Lights - can make the night time use more enjoyable. They also are a valuable safety tool if small children are swimming at night.
Covers - a cover is critical for safety, keeping in humidity and heat and keeping out debris. If heat retention is not an issue, manual or autocovers on tracks will do well. If you need an insulated cover, they often come in sections and can use cover lifters. Be sure to try out covering and uncovering the swim spa before you buy to be sure you have the strength to do it.
Water Quality System - this is the system that filters and heats the water. Usually one controller will manage the temperature, lights and jets. With the heaters, you have a choice of gas, propane or electric.
VGB Compliance - The Virginia Graham Baker Act created safety requirements for drains on pools and spas. Swim spas that are compliant have larger intake grills, special drains and redundant plumbing to avoid suction entrapment. Ask if the swim spa is compliant.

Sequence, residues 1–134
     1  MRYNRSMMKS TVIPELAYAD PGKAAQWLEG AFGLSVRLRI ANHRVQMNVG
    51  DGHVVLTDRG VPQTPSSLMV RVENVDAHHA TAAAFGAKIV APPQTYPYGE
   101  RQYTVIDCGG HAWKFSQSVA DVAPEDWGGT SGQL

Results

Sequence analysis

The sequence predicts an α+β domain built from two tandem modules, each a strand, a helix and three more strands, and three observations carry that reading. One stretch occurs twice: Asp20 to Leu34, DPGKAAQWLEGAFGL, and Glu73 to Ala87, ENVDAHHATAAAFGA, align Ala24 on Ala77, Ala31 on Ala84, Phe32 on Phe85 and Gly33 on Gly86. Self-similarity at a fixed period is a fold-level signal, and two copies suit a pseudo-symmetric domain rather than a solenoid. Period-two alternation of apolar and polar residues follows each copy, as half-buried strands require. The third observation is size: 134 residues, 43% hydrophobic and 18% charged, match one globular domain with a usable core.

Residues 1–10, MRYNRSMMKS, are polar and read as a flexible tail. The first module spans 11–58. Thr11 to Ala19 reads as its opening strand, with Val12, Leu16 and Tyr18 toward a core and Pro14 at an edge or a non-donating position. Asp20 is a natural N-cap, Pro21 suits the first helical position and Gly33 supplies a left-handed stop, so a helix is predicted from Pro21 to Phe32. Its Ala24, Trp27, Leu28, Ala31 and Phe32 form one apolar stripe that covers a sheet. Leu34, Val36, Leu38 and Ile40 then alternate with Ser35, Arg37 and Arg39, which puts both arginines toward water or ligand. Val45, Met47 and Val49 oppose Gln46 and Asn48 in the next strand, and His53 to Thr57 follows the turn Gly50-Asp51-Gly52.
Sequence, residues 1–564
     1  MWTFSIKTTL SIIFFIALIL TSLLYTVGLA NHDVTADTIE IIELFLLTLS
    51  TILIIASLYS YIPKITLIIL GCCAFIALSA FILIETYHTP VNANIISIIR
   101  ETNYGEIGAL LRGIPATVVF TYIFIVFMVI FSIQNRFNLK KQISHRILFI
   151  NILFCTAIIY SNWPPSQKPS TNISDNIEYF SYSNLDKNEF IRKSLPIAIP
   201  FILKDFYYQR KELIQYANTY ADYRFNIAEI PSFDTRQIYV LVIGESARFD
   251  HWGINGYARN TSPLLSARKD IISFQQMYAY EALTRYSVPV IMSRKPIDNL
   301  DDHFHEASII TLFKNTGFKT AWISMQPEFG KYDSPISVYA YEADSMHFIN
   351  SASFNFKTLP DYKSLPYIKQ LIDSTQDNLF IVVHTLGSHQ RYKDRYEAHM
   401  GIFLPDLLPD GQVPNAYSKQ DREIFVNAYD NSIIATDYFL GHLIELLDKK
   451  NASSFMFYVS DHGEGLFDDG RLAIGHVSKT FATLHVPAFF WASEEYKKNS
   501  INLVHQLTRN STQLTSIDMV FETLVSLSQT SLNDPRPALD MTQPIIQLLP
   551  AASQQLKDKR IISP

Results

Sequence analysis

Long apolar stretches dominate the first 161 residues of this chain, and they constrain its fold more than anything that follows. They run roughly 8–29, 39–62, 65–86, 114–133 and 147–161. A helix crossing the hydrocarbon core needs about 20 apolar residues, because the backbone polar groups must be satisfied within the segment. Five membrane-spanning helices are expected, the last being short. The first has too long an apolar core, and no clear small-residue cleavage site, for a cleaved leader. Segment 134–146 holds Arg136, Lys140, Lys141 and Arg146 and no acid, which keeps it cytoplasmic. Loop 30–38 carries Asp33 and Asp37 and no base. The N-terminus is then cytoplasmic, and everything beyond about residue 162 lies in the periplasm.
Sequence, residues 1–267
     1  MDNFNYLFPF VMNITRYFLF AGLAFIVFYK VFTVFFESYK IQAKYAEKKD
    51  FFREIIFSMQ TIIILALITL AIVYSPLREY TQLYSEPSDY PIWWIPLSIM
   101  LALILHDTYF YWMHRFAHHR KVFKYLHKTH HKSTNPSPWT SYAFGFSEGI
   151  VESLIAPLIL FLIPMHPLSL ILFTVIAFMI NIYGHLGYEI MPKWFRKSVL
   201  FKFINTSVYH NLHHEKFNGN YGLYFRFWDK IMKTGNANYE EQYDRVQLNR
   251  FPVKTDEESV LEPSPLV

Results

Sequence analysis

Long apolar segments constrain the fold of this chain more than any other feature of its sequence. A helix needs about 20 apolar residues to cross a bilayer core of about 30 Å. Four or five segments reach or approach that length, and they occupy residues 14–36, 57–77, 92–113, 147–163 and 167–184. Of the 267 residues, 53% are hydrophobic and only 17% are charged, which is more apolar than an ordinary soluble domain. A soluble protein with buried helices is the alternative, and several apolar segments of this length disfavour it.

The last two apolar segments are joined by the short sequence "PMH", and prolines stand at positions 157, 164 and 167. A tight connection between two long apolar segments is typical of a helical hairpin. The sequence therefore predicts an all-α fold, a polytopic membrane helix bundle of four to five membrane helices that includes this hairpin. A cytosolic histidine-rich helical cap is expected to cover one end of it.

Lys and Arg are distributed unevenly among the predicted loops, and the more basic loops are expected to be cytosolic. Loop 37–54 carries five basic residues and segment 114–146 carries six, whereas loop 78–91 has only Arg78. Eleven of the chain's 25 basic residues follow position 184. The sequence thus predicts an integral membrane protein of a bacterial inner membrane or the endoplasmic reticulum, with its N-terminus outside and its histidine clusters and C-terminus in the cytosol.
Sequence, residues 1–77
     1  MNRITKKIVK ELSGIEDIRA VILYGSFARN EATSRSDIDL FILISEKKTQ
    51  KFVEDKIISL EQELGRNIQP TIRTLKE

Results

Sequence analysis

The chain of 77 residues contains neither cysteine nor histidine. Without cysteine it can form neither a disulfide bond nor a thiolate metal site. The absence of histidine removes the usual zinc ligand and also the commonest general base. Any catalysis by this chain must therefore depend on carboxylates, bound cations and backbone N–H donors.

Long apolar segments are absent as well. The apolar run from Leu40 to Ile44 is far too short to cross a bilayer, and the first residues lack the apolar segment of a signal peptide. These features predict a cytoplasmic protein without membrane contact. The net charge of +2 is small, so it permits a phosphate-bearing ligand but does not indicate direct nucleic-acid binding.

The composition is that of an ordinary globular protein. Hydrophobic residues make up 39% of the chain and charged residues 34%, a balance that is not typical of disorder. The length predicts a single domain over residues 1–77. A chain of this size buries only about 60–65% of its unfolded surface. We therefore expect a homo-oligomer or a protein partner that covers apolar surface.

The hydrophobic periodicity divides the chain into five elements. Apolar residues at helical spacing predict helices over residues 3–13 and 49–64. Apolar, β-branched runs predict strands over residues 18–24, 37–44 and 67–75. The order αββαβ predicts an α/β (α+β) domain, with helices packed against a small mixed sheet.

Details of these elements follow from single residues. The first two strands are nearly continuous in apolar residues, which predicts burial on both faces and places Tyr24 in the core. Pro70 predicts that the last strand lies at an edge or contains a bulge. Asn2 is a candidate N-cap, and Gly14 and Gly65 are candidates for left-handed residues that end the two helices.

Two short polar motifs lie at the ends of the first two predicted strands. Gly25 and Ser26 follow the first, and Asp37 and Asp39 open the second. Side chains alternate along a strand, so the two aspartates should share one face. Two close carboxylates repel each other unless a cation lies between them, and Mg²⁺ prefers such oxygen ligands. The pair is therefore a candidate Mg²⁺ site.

Customer Service - if you buy from a local dealer, they will be your first point of contact for service. Choose a shop nearby with people you like. If you buy direct or are unhappy with your local dealer, you will be contacting the manufacturer. Most manufacturers have good customer service departments. The few with issues are usually apparent by reading their BBB reports. Also, I would be very skeptical about buying product manufactured in China.
Warrantee - ask about warrantee before you buy to compare across manufacturers
Options and Accessories
Treadmills - both manual and powered are available. Manual treadmills are one of the most commonly returned items. They work, but take a little time to get used to. Powered treadmills offer a wide range of workouts but are more expensive. A treadmill can double the uses and value of a swim spa, but you should try it out before purchase.